TWO OF US, THE (LE VIEIL HOMMER ET L’ENFANT) (THE OLD MAN AND THE BOY)
(director/writer: Claude Berri; screenwriters: Grard Brach/Michel Rivelin; cinematographer: Jean Penzer; editors: Sophie Coussein/Denise Charvein; music: Georges Delerue; cast: Michel Simon (Pepe), Alain Cohen (Claude), Charles Denner (Claude’s father), Luce Fabiole (Granny), Roger Carel (Victor), Paul Prboist (Maxime), Jacqueline Rouillard (Teacher), Sylvine Delannoy (Suzanne), Zorica Lozic (Claude’s mother), Marco Perrin (the priest), Elisabeth Rey (Dinou), Didier Perret (Dinou’s brother), Sylvine Delannoy(Suzanne); Runtime: 90; MPAA Rating: NR; producers: Paul Cadac/Andr Hunebelle; Rialto Pictures; 1967-France-in French with English subtitles)
“Greatly enhanced by the virtuoso performance of the 72-year-old Michel Simon.”
Reviewed by Dennis Schwartz
The bittersweet sentimental directorial debut of Claude Berri (“Sex Shop”/”Jean de Florette”/”Lucie Aubrac”)is the director-writer’sfictionalized autobography, that’s co-written with Grard Brach and Michel Rivelin.
In 1943, during theWorld War II Occupation of France, a Jewish Parisian couple (Charles Denner & Zorica Lozic) make the decision to send their mischievous eight-year-old son Claude (Alain Cohen), who constantly gets into trouble and attracts unwanted attention, to live in safety in the country with the elderly parents (Michel Simon & Luce Fabiole) of one of their Catholic friends. The catch is that Pepe is a fervent anti-Semite and lover of the pro-Nazi Vichy regime. To keep the kid’s identity from the elderly farm couple, the kid is given a Christian name, taught the Lord’s prayer and told to not let the couple see him in the nude. Soon the unlikely pair hit it off and form a close relationship, as the lonely old man has someone else to talk to besides his beloved dog and the kid feels safe being around the comical curmudgeon. The kid gets a kick out of the kind-hearted but ignorant old man’s bigoted rants and eggs him on to say very stupid things about Jews, while the old timer dotes on the kid. In school, the country kids pick on the kid only because he’s a city boy. When France is liberated, his parents come for him after avoiding the concentration camps and he returns to Paris with them.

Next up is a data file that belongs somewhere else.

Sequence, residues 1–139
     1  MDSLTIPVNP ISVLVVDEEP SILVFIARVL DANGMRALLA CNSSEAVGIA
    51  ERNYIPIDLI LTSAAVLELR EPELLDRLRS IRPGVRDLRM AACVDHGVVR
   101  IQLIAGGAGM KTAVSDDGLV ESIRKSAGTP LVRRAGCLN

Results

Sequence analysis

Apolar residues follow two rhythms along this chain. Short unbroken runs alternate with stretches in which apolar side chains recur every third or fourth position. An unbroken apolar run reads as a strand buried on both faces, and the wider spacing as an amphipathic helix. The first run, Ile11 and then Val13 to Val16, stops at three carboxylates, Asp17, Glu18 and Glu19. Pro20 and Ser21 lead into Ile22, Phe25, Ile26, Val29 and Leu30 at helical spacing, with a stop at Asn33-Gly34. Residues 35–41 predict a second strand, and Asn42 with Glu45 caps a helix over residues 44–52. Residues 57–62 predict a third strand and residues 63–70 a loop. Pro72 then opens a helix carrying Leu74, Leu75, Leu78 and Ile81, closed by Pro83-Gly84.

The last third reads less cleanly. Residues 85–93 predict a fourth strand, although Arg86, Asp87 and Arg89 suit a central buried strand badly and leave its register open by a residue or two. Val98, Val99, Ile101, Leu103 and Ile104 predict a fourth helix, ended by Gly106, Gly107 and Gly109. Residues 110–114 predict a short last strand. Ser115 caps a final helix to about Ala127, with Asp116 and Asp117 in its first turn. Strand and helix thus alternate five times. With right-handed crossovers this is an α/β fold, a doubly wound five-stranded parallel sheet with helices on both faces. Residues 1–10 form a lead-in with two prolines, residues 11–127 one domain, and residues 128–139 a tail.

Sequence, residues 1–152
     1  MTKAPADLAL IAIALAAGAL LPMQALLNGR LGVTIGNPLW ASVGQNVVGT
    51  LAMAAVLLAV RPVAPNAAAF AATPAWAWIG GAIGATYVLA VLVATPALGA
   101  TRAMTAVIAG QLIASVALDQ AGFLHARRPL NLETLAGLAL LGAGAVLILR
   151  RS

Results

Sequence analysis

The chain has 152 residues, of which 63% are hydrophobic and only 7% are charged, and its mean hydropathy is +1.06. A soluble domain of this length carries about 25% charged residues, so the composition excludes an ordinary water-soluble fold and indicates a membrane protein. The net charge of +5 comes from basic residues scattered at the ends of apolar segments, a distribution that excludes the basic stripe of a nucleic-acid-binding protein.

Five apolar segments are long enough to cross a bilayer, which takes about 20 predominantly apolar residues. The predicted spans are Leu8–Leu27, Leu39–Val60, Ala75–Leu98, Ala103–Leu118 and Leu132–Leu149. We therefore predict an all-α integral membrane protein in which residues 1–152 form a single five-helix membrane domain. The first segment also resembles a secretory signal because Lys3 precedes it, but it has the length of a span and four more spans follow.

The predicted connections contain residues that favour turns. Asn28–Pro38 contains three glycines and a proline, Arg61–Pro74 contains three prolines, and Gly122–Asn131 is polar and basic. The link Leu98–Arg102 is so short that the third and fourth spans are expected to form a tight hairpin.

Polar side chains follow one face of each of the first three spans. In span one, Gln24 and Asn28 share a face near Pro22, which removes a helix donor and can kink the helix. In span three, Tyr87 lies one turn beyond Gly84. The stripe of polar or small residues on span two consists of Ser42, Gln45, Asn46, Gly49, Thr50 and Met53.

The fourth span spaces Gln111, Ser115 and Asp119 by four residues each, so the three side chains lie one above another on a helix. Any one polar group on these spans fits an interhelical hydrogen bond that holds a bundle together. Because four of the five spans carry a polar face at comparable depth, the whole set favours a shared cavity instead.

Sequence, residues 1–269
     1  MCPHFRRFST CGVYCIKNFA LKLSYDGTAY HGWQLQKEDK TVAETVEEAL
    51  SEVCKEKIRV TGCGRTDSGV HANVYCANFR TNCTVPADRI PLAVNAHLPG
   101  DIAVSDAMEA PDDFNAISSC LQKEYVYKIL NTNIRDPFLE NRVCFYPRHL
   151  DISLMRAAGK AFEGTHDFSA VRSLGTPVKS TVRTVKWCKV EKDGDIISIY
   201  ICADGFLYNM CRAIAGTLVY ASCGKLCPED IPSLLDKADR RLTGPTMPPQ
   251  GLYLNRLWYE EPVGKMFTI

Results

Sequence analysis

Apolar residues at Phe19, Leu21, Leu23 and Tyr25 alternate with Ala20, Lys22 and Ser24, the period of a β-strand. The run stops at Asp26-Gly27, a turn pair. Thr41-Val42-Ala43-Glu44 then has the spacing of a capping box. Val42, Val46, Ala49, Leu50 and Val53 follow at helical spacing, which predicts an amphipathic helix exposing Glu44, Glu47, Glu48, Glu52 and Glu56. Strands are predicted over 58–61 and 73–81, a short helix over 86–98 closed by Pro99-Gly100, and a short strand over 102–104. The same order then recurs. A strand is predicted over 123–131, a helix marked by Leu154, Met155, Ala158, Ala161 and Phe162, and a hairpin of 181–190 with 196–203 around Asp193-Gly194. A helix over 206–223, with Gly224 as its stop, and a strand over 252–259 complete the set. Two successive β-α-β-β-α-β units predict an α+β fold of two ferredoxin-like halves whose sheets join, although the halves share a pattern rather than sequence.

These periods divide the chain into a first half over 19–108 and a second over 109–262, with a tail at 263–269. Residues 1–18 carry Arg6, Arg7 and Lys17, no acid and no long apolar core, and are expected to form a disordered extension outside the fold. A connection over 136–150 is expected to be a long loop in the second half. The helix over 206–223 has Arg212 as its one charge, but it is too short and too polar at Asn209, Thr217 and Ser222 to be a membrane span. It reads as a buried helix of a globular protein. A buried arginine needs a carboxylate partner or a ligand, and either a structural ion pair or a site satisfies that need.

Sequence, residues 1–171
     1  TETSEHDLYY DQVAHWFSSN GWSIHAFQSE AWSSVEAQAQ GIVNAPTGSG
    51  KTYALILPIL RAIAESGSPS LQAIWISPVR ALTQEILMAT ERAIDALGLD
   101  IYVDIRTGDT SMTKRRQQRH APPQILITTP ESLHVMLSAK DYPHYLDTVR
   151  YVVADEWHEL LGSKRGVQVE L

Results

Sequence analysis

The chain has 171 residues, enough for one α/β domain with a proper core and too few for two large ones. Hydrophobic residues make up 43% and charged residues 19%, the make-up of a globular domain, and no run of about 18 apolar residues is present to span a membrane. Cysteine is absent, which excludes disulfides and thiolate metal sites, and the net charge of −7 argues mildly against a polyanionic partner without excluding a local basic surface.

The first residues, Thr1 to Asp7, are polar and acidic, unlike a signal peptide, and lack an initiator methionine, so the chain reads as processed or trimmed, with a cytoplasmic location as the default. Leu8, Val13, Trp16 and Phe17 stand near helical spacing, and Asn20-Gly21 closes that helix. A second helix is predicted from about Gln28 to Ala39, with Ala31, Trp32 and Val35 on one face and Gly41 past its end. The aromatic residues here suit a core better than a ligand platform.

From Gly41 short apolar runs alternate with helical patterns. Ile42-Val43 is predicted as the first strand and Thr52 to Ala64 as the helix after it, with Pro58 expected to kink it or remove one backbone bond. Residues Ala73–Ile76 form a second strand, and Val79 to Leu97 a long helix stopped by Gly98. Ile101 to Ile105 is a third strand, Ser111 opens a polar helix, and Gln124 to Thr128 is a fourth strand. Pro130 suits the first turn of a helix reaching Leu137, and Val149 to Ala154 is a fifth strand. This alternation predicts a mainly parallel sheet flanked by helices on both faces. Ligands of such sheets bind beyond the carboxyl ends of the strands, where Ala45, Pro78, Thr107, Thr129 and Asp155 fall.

The simple and warm-hearted film of a complex situation, shot in black and white, is viewed through the child’s eyes. It tends to get too sentimental, but the dangers present are real and thereby give the film a ring of truth as it captures the tense atmosphere prevailing. The watchable crowd-pleasing pic is greatly enhanced by the virtuoso performance of the 72-year-old Michel Simon, whose dad was a Swiss sausage maker.
REVIEWED ON 11/9/2011 GRADE: B